Welcome to the North of England on GB Divide; from the industrial west to the ancient bridleways of Lancashire and Yorkshire, leading up to the Scottish Borders.
This is Land’s End to John O’Groats with a difference; forget going direct, and forget sticking to just tarmac; the GB Divide traces a route through England, Wales and Scotland to deliver the very best off road riding that Great Britain has to offer, from techy singletrack, wide gravel roads, mucky byways, quiet rural lanes and everything in between.
While the total route covers around 1,242 miles (2,000 km), here we’ve split the task into four Collections, with this North of England stage being the third. In this Collection, there are four stages of around 62 miles (100km), which take you from the border of Wales to the Scottish Borders, via the canals of Manchester, Lancashire, the Yorkshire Dales National Park, Cumbria, and Kielder Forest Park.
The route is raced annually as ‘GBDURO’, an enduro style endurance race comprised of four stages spanning the entire length. For more about GBDURO, visit theracingcollective.com/gbduro. Both the route and the race were founded and are now run by The Racing Collective.
The ideal bike choice for riding the GB Divide is a tough one. While there are many paved lane sections that would favour a faster drop bar gravel bike, there are also some tricky, more technical parts that would favour a rigid or even hardtail mountain bike. In some parts you will have no other option but to walk, especially when you take bikepacking luggage into consideration.
The start of these four stages are easily accessible by train, with a station in Cefn-Y-Bedd. There are a few train stations along the route if you’d like to split this into smaller rides. When you reach the end of this segment in Burnfoot, unfortunately there’s not the same facility. Either you plan to carry on to a town or city with a train station, or ride to one from this point. The closest railway station is Lockerbie, a 25 mile (41km) road ride away.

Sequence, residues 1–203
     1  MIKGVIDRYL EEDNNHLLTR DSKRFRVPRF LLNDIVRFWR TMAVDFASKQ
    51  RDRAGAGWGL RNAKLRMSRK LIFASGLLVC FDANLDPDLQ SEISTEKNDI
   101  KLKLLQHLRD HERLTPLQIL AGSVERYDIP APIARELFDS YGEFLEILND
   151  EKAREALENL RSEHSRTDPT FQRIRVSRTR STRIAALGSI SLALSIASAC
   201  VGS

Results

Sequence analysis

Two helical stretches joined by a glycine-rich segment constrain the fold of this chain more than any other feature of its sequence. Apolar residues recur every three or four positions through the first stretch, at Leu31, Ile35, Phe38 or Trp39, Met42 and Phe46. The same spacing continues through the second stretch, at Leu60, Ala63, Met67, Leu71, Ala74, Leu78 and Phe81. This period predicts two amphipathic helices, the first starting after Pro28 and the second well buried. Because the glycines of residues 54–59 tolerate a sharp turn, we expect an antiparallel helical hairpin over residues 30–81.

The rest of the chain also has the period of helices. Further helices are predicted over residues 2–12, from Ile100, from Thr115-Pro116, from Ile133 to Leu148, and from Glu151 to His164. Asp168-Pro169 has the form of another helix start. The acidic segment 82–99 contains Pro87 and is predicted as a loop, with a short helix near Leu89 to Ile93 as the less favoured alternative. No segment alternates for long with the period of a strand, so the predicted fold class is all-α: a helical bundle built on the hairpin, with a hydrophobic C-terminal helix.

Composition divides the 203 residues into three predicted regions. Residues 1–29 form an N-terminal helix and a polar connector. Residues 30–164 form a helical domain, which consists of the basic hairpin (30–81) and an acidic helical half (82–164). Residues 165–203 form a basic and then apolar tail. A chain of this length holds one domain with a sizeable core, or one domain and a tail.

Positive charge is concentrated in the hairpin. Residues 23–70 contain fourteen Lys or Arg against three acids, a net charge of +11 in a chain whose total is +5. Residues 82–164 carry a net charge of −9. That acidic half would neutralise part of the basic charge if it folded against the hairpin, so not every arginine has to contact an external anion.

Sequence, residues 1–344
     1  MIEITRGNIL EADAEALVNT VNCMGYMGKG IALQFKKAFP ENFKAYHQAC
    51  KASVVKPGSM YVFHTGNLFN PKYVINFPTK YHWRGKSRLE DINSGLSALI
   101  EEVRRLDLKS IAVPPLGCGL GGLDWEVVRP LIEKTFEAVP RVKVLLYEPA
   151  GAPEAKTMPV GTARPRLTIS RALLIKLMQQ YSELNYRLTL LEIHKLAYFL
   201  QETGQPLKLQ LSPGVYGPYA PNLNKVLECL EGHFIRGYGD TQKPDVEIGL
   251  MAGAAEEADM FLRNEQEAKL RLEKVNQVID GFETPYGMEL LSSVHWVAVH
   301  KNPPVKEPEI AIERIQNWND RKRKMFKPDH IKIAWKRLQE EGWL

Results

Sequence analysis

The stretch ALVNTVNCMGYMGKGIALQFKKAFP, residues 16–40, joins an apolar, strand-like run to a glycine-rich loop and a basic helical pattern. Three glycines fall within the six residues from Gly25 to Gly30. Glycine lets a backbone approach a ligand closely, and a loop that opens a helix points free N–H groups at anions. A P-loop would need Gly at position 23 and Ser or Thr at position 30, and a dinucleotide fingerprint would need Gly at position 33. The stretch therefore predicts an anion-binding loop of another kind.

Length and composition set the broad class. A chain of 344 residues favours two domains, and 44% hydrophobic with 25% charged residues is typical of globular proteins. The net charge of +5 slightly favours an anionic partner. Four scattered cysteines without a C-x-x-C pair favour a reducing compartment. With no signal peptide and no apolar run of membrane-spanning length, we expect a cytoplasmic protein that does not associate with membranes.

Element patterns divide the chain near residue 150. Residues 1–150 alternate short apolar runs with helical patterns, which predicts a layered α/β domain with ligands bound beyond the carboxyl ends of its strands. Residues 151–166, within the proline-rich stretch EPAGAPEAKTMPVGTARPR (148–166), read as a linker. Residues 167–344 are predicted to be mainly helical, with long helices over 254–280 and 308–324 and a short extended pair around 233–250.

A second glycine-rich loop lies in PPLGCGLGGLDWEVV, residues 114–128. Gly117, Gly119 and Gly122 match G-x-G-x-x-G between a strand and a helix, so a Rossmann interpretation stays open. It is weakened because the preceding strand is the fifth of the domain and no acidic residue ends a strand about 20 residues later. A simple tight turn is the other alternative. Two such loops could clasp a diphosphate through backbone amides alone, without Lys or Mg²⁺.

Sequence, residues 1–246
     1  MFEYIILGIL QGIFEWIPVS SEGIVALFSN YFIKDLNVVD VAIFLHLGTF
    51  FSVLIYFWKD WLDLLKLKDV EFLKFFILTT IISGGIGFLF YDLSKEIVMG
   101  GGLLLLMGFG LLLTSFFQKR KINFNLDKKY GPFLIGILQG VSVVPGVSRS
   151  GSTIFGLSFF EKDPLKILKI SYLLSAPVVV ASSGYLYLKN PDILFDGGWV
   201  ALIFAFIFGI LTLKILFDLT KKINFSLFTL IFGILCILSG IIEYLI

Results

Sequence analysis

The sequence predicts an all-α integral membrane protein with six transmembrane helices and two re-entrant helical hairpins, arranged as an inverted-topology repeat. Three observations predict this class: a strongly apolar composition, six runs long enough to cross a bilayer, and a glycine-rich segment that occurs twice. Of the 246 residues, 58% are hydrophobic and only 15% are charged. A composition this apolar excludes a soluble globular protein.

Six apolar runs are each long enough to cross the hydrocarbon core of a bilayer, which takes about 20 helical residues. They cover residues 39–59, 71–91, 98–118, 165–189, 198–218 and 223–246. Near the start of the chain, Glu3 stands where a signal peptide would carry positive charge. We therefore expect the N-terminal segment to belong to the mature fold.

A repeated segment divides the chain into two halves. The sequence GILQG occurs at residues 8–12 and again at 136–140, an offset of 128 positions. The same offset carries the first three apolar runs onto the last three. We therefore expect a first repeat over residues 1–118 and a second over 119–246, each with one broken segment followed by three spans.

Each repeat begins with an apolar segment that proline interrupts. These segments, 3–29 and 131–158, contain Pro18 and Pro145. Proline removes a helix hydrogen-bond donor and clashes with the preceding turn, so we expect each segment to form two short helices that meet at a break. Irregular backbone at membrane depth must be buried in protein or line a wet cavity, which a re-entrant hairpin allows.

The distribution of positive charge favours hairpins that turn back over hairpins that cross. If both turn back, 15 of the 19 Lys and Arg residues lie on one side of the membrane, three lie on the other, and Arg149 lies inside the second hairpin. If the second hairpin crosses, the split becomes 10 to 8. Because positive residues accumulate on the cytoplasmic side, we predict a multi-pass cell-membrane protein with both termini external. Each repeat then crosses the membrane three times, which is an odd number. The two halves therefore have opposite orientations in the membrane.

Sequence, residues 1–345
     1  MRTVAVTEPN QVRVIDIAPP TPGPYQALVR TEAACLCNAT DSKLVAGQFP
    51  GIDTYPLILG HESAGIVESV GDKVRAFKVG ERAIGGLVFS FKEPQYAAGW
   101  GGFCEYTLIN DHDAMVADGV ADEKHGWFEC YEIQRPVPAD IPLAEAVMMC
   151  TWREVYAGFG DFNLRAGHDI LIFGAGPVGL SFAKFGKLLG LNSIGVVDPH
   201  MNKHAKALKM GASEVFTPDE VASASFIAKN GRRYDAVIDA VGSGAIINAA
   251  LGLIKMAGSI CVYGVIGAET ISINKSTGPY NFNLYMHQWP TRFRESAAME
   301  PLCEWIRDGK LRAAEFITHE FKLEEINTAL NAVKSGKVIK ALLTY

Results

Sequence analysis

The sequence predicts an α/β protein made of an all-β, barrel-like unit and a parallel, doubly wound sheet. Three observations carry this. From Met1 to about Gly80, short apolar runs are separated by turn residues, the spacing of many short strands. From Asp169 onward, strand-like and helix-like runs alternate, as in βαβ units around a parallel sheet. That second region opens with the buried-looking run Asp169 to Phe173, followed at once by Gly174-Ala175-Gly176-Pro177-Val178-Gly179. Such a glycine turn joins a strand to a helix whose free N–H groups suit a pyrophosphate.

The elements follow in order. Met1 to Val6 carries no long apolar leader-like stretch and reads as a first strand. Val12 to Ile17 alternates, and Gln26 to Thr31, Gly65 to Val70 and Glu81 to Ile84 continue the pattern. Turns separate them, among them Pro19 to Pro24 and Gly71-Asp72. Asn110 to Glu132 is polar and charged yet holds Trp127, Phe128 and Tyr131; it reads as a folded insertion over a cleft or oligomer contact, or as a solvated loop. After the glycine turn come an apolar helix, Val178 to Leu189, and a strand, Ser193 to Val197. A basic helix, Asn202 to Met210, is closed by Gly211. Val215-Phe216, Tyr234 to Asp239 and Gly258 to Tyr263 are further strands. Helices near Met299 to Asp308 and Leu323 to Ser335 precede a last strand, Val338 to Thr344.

So if you think you’re ready to take on the length of Great Britain along this spectacular meandering route, the GB Divide is for you. Good luck!
Head to parts 1, 2 and 4 here:
Read more about the GB Divide route here: gbdivide.net
Here you start the third leg of the GB Divide, from a small town on the Welsh/English border, to span the spectacular north of England, finishing at the Scottish Borderlands. …
After yesterday’s flat introduction, things start to get a bit more hilly today, a lot more! You’ll cover a total of 61 miles (98km) from Bury through Lancashire and into …
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There may be a good proportion of road on today’s 62 mile (99km) stage, but don’t be fooled, there’s some serious climbing, including the famous Great Dun Fell road just one of the climbs on the menu for the day.Start by following the River Ribble upstream heading north gently climbing along lanes and doubletrack. Rejoin Blea Moor Road and continue onto another gravel road at Top O’Dent to climb to the summit of Wold Fell, where you spend some time on the tops contouring around Great Knoutberry Hill. Start your descent on the Coal Road - fast and simply spectacular tarmac.The next section is largely flat or tending downhill, so make the most of your speed to save plenty of time for the Great Dun Fell climb later. Why not stop at the Post Box Pantry in Dufton or in Kirkby Stephen before the climb, to make sure you have plenty of supplies?
The fourth and final stage of the north of England leg takes you to and past the border of Scotland via the stunning and remote Kielder Forest Park, home to the Dirty Reiver gravel race. There’s 63 miles (102km) to ride today through some prime northumberland forestry land.You start by following National Cycle Route 68 to Slaggyford and past Lambley Viaduct, where there’s some steps to navigate before crossing the south Tyne. The Pennine Cycleway then takes you into Haltwhistle, the centre of Britain!
Continue to follow lanes on the Pennine Cycleway north, past Hadrian’s Wall and to the edge of Kielder Forest Park. Continue along the 68 on the wide and undulating gravel roads of the forest, leading north to the shores of Kielder Water where you join the National Byway. Take a short diversion to the Boat Inn and shop here if you need to resupply or fancy some refreshments.